2 Apartments under 500 for rent in Sterling Heights, MI

Last updated June 19 at 11:53am UTC
Results within 10 miles of Sterling Heights, MI
2820 W MAPLE Road
The Transit Center
Troy, MI
Updated June 19 at 11:53am UTC
Studio
$350
17200 W TEN MILE Road
Southfield
Southfield, MI
Updated May 31 at 6:01am UTC
Studio
$450

June 2018 Sterling Heights Rent Report

Welcome to the June 2018 Sterling Heights Rent Report. Sterling Heights rents increased over the past month. In this report, we'll evaluate trends in the Sterling Heights rental market, including comparisons to cities throughout the metro, state, and nation.

View full Sterling Heights Rent Report
Rent Report
Sterling Heights

June 2018 Sterling Heights Rent Report

Welcome to the June 2018 Sterling Heights Rent Report. Sterling Heights rents increased over the past month. In this report, we'll evaluate trends in the Sterling Heights rental market, including comparisons to cities throughout the metro, state, and nation.

Sterling Heights rents increase sharply over the past month

Sterling Heights rents have increased 0.7% over the past month, and have increased slightly by 1.8% in comparison to the same time last year. Currently, median rents in Sterling Heights stand at $820 for a one-bedroom apartment and $1,070 for a two-bedroom. This is the second straight month that the city has seen rent increases after a decline in March. Sterling Heights' year-over-year rent growth leads the state and national averages, which both stand at 1.5%.

Rents rising across the Detroit Metro

Throughout the past year, rent increases have been occurring not just in the city of Sterling Heights, but across the entire metro. Of the largest 10 cities that we have data for in the Detroit metro, 9 of them have seen prices rise. Here's a look at how rents compare across some of the largest cities in the metro.

  • Taylor has seen rents fall by 0.8% over the past year, the biggest drop in the metro. It also has the least expensive rents in the Detroit metro, with a two-bedroom median of $880.
  • Warren has seen the fastest rent growth in the metro, with a year-over-year increase of 8.5%. The median two-bedroom there costs $1,000, while one-bedrooms go for $770.
  • Troy has the most expensive rents of the largest cities in the Detroit metro, with a two-bedroom median of $1,300; rents fell 0.1% over the past month but rose 1.1% over the past year.

Sterling Heights rents more affordable than many large cities nationwide

As rents have increased slightly in Sterling Heights, large cities nationwide have seen rents grow more quickly. Sterling Heights is still more affordable than most large cities across the country.

  • Rents increased moderately in other cities across the state, with Michigan as a whole logging rent growth of 1.5% over the past year. For example, rents have grown by 2.7% in Grand Rapids and 2.0% in Lansing.
  • Sterling Heights' median two-bedroom rent of $1,070 is below the national average of $1,170. Nationwide, rents have grown by 1.5% over the past year compared to the 1.8% increase in Sterling Heights.
  • While Sterling Heights' rents rose slightly over the past year, some cities nationwide saw decreases, including Chicago (-0.8%) and Baltimore (-0.8%).
  • Renters will find more reasonable prices in Sterling Heights than most large cities. For example, Chicago has a median 2BR rent of $1,270.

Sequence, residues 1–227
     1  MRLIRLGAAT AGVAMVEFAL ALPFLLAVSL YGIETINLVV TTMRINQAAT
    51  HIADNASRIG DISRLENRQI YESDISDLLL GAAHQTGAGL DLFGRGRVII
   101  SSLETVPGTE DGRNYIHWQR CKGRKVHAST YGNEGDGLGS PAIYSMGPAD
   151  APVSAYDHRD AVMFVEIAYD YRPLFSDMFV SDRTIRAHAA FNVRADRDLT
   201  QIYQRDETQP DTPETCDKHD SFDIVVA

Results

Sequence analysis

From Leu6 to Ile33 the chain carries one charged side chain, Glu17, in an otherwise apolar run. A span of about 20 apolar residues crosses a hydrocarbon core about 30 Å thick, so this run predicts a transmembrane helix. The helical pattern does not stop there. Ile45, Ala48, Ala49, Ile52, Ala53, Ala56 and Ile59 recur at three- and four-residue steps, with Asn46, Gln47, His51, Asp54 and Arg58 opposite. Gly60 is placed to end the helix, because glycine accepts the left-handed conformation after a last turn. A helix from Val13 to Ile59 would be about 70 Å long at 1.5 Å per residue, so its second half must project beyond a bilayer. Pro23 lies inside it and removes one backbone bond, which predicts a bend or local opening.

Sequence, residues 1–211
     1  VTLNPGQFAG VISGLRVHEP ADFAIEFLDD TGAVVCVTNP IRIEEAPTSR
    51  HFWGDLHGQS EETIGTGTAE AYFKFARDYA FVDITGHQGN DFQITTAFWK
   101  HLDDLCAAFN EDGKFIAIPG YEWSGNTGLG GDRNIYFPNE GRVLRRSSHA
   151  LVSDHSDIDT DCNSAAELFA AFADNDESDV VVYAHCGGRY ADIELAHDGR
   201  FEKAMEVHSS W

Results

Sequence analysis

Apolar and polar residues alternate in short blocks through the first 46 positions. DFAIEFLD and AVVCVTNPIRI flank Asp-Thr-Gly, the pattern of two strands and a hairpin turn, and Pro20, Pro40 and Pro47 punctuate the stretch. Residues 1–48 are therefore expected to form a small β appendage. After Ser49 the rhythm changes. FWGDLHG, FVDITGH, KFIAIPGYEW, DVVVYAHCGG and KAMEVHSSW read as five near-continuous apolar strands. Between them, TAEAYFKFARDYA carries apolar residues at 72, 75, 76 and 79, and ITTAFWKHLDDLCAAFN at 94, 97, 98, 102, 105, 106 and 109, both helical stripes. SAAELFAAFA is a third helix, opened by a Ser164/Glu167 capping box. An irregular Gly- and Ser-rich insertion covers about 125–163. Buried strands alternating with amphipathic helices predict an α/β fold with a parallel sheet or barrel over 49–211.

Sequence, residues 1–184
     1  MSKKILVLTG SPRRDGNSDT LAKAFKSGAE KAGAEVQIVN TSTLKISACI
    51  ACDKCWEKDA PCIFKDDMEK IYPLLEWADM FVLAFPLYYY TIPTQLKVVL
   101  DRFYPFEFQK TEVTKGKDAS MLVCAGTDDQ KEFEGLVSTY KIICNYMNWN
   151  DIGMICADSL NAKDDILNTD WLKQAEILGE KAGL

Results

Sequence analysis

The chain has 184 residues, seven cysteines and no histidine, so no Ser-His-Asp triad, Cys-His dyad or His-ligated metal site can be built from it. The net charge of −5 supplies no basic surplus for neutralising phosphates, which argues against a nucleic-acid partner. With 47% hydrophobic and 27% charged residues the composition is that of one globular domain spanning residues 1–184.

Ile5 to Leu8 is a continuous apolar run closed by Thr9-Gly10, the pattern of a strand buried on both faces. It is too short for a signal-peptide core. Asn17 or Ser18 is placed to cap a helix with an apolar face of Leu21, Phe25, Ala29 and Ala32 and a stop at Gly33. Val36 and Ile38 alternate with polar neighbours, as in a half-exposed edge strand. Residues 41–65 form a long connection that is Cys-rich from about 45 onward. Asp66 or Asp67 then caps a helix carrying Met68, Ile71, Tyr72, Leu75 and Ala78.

For more information check out our national report. You can also access our full data for cities and counties across the U.S. at this link.
City Median 1BR price Median 2BR price M/M price change Y/Y price change
Detroit $690 $890 0.3% 1.0%
Warren $770 $1,000 1.2% 8.5%
Sterling Heights $820 $1,070 0.7% 1.8%
Dearborn $990 $1,290 1.0% 1.5%
Livonia $940 $1,220 1.4% 2.7%
Westland $740 $960 0.4% 1.3%
Troy $1,000 $1,300 -0.1% 1.1%
Southfield $900 $1,170 0.2% 0.9%
Taylor $680 $880 0.4% -0.8%
Pontiac $730 $940 -0.2% 1.1%
See more

Methodology - Recent Updates:

Data from private listing sites, including our own, tends to skew toward luxury apartments, which introduces sample bias when estimates are calculated directly from these listings. To address these limitations, we’ve recently made major updates to our methodology, which we believe have greatly improved the accuracy and reliability of our estimates.

Read more about our new methodology below, or see a more detailed post here.

Methodology:

Apartment List is committed to making our rent estimates the best and most accurate available. To do this, we start with reliable median rent statistics from the Census Bureau, then extrapolate them forward to the current month using a growth rate calculated from our listing data. In doing so, we use a same-unit analysis similar to Case-Shiller’s approach, comparing only units that are available across both time periods to provide an accurate picture of rent growth in cities across the country.

Our approach corrects for the sample bias inherent in other private sources, producing results that are much closer to statistics published by the Census Bureau and HUD. Our methodology also allows us to construct a picture of rent growth over an extended period of time, with estimates that are updated each month.

Read more about our methodology here.

About Rent Reports:

Apartment List publishes monthly reports on rental trends for hundreds of cities across the U.S. We intend these reports to be a source of reliable information that help renters and policymakers make sound decisions, and we invest significant time and effort in gathering and analyzing rent data. Our work is covered regularly by journalists across the country.

We are continuously working to improve our methodology and data, with the goal of providing renters with the information that they need to make the best decisions.